Our views on that subject, which are an essential part of every chapter, we here summarize: Both individuals and corporations must save and ought to save; otherwise there would be no dilemma. Renouncing the ancient virtue of thrift is not the way out. What we must have is a modification of our present system which will enable every one to save as much as he pleases, in ways which best suit his individual interests, without thereby frustrating the social object of thrift. For that purpose, we need a definite, controlled, dependable method of offsetting the deficiencies in consumer buying which at present are caused by savings.


In The Road to Plenty (1928), Foster and Catchings’ fourth and arguably most influential book, the two authors address many of the same theories proposed in Business Without a Buyer from a different perspective. The book, which reads almost as a novel, details a fictitious conversation between a diverse group of individuals as they commute by train. What starts as a simple conversation about the post-war economic conditions turns into an in-depth discussion of the causes and effects of underconsumption with regards to savings, high prices, inadequate wages, underemployment, and other constraints on purchasing power. The format made the text more approachable than the typical economics manual of the time.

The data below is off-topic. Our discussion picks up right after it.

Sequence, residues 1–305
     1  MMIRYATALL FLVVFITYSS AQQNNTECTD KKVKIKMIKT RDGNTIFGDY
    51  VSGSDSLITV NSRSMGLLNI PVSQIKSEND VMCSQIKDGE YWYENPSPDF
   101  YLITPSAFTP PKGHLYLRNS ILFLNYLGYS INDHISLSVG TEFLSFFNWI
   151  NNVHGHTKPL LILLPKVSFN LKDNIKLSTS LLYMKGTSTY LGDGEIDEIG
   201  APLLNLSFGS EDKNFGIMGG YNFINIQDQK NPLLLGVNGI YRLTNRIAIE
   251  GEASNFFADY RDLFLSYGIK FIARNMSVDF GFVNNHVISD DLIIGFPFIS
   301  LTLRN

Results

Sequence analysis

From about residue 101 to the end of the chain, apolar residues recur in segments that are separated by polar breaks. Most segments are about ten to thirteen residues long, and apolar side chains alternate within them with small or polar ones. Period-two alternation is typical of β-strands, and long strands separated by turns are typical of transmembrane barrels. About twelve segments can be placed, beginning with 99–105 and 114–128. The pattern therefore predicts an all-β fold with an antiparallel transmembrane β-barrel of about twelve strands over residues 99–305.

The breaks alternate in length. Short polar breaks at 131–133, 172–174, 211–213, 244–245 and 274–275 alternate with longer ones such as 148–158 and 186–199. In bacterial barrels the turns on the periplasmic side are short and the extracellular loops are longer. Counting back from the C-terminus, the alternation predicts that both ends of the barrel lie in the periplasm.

The story is centered around the experiences and observations of a commuter who goes by “the Gray Man.” It is the Gray Man who makes the initial observation that the nation’s suffering is considerably more acute than many, especially in the upper class, care to realize:

The Gray Man wished that, once in a while, he could forget what he knew about suffering. But he never could put out of mind the plight of the unemployed, as he saw it every day. Nor could he ever quite lose his poignant memories of the winter, years before, when he himself had suffered from ‘hard times.’